Patients with dementia may be able to come off antipsychotics without any adverse behavioural effects, a study has found.
The study found little to no difference in neuropsychiatric symptom scores between patients who withdrew from antipsychotic compared to those who did not, suggesting that dementia patients may be able to safely withdraw from the drugs.
The research, conducted by researchers at Ghent University in Belgium, looked at 10 different studies on withdrawing antipsychotics from dementia patients aged 65 or over who had been taking them for three months or longer, including a total of just over 630 patients.
The studies looked at patients taking different antipsychotics at different dosages. Researchers found that in two of the ten studies, discontinuing antipsychotics had no effect on neuropsychiatric symptoms, and in five of the studies, discontinuation had little to no effect.
One study showed that patients with milder neuropsychiatric symptoms at baseline were less agitated at three months post-withdrawal compared to patients who carried on taking the drugs.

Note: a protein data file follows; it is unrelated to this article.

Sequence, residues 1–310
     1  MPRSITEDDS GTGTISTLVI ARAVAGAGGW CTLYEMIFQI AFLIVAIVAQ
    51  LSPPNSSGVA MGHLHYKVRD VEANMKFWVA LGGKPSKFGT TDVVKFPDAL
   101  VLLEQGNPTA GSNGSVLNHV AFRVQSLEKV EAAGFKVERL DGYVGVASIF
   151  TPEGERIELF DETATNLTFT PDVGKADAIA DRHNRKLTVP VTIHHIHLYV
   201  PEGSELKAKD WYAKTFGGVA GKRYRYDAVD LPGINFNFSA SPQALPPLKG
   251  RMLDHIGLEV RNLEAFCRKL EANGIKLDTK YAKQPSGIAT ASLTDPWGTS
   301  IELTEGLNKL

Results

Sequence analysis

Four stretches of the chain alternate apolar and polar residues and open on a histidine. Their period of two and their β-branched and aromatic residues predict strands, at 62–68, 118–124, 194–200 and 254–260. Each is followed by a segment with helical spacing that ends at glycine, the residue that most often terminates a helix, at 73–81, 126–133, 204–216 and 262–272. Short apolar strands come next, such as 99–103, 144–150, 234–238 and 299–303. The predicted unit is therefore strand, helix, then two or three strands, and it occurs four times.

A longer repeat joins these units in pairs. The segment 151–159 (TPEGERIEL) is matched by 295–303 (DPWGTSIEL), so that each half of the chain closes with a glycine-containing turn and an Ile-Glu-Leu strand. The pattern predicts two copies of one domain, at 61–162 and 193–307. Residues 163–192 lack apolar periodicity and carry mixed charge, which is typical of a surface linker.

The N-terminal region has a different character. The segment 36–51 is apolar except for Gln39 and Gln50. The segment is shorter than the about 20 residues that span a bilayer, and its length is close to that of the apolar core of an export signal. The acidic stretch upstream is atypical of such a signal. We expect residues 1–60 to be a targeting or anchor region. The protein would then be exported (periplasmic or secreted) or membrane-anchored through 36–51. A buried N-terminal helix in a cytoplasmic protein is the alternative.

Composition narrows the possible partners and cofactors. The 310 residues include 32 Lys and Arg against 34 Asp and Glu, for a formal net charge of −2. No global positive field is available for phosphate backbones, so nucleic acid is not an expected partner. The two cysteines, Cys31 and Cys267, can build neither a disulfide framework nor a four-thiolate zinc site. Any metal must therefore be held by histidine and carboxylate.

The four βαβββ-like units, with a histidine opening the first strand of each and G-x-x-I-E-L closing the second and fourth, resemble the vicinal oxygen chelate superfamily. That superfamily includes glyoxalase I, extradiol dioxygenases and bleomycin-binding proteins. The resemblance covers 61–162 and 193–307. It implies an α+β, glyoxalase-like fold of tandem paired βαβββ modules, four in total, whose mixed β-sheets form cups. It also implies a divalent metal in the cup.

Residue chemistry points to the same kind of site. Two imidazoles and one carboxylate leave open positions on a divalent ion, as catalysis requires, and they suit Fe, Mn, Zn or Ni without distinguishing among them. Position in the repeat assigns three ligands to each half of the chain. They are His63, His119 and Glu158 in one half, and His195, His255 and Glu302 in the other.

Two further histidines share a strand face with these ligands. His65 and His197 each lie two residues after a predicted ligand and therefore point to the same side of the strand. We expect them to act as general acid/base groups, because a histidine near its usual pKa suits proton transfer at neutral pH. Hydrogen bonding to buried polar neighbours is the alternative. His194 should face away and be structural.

The authors described the evidence as ‘low-quality’ but suggested that long-term antipsychotics could be stopped in dementia without worsening their behaviour.
They said in the paper: ‘There is low-quality evidence that antipsychotics may be discontinued in older people with dementia who have been taking these drugs for at least three months, and that discontinuation may have little or no important effect on behavioural and psychological symptoms.
‘This approach is consistent with the observation that most behavioural complications of dementia are intermittent and do not persist for longer than three months.’
Figures released by NHS Digital in December revealed that just under 10% of patients on the dementia register in England were prescribed antipsychotics last autumn.